Don Herbison-Evans (
(Photo: courtesy of Jenny Holmes, Victoria)
Initially, these caterpillars are pale green with a black tail spike. They feed openly by day on their foodplants, which include :
Later, the caterpillars develop a dark dorsal line, and two pale dorso-lateral lines.
Mature Caterpillars are a stout fleshy brown, with broken yellow lines over the body. There are subdorsal eyespots on the abdominal segments which degenerate along the body. The eyespots on the first segment are black, and on the second segment brown. There is small harmless horn on the tail which is black at the base and has a pale tip. The head and thorax are narrower than the abdomen. The caterpillars grow to a length of about 7 cms.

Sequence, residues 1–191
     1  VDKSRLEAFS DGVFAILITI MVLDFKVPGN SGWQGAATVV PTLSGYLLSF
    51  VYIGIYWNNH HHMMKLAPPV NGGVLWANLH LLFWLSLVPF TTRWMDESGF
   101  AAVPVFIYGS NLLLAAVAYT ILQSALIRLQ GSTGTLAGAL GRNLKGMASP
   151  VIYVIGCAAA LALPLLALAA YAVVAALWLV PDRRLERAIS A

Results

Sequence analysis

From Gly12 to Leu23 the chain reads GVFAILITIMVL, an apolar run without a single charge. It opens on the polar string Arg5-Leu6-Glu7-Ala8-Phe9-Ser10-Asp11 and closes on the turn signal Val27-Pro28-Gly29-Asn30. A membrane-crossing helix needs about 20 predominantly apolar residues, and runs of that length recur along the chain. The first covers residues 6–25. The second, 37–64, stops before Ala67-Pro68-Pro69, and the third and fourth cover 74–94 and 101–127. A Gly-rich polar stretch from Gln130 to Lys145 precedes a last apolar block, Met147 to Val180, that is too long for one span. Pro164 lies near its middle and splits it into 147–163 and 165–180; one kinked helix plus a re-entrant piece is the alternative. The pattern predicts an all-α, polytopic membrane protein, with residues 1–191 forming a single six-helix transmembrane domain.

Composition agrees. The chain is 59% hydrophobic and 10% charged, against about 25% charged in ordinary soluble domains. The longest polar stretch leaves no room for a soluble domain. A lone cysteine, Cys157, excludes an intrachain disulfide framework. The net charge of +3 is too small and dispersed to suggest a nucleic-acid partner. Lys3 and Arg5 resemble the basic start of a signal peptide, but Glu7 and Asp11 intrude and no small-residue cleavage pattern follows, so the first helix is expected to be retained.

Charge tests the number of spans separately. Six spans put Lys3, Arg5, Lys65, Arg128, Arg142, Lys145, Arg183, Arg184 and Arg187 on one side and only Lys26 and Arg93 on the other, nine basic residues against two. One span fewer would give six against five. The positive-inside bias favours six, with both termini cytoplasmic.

The moths have a wingspan of up to 7 cm. The body is brown and cigar-shaped. The forewings are brown, and the hind wings are red edged with black. The normal resting posture has the hind wings covered. They are revealed if the moth is disturbed, as it opens its wings for flight.
Underneath, the roles of the wings are reversed. The undersides of the forewings are red, and of the hidwings are brown.
The eggs are pale green, spherical, and laid in small groups.
The species is found over the western Pacific, including
Further reading :
Ian F.B. Common,
Moths of Australia, Melbourne University Press, 1990, pl. 16.10, pp. 414-415.
Pat and Mike Coupar,
Flying Colours, New South Wales University Press, Sydney 1992, p. 87.
Moths of Victoria: Vol 1: Bombycoidea,
Entomological Society of Victoria, 2008, pp. 28-31.
(updated 7 February 2013)